Before starting, make sure you wear protective goggles and gloves and work in a well-ventilated area, free from any distractions!


  • 700 g olive oil
  • 200 g coconut oil
  • 50 g cocoa butter
  • 50 g shea butter
  • 132 g caustic soda
  • 260 g water
  • 2 teaspoons of sodium lactate
  • 15 ml rose geranium essential oil
  • 12 ml lemongrass essential oil
  • 5 ml bergamot essential oil
  • 5 ml sweet orange essential oil
  • 3 ml spearmint essential oil


  1. Prepare the essential oil blend and set aside.
  2. Measure out the caustic soda and the water. Then add the caustic soda to the water  (not the other way round!) and stir until the caustic soda has completely dissolved.
  3. Add 2 teaspoons of sodium lactate to the lye solution and set aside to cool down.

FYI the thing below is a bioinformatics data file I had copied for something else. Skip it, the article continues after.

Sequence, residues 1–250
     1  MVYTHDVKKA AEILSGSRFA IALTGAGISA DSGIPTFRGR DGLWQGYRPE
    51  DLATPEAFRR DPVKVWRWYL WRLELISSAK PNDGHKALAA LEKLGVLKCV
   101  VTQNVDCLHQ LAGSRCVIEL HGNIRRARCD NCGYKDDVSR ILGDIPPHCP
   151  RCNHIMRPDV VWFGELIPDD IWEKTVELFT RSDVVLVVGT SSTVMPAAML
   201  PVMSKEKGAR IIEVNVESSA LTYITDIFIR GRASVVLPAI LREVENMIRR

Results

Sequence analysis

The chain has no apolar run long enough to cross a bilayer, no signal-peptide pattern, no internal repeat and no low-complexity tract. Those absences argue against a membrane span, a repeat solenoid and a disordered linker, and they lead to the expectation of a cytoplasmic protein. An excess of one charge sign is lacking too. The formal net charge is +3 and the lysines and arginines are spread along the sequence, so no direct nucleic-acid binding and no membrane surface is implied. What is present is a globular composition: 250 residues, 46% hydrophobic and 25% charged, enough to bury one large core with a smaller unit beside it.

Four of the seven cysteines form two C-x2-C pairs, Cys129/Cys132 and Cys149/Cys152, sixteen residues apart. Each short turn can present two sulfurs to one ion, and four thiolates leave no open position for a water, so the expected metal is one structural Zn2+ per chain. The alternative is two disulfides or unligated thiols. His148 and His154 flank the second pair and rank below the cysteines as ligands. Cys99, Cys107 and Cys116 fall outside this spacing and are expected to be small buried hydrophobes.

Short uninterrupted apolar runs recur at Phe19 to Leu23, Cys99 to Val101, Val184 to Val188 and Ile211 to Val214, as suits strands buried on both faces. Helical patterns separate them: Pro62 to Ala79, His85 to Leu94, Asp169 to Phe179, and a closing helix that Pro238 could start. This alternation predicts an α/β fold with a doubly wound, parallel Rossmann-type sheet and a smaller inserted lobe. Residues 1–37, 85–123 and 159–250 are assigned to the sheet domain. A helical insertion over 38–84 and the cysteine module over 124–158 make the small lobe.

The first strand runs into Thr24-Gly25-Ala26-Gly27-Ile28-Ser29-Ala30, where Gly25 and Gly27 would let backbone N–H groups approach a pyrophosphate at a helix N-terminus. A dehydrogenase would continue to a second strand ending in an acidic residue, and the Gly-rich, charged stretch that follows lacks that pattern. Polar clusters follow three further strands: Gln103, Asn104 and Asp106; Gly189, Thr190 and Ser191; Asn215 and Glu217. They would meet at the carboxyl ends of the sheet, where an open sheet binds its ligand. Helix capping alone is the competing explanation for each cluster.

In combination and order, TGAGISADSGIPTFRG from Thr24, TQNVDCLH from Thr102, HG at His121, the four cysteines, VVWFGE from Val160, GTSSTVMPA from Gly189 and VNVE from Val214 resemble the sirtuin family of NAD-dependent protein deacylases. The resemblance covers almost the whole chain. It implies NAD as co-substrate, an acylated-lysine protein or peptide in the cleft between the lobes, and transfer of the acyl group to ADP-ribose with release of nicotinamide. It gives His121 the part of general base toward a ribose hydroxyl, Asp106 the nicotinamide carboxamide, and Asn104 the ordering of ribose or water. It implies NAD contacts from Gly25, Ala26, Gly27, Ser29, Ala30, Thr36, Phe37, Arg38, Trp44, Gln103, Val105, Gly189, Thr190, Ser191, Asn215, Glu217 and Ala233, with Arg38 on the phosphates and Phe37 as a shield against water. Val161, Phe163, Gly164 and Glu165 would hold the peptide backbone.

4. Weigh out the coconut oil and butters and melt in the microwave or on the stove top until completely melted. Add the olive oil and give the oils a quick stir.
  5. Once the lye has cooled down to room temperature, and making sure you are still wearing protective gear, carefully pour the lye to the oils and, using a stick blender, mix until emulsified.
  6. Add the essential oils and keep mixing with the stick blender until medium trace.
  7. Pour the soap into the soap mould and sprinkle some rose petals over the top.
  8. Leave the soap to cure a couple of days before unmoulding, and then let it stand for another few days before cutting into bars. The soap bars will need to cure for a further 6-8 weeks until ready for use.